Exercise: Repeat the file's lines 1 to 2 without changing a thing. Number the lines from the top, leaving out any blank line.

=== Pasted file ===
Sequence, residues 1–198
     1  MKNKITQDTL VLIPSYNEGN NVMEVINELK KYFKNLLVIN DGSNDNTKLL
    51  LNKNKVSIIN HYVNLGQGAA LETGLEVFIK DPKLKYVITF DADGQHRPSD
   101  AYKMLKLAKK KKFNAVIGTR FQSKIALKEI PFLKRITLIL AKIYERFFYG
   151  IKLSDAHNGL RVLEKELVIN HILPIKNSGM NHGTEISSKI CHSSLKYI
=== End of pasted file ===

Sequence, residues 1–198
     1  MKNKITQDTL VLIPSYNEGN NVMEVINELK KYFKNLLVIN DGSNDNTKLL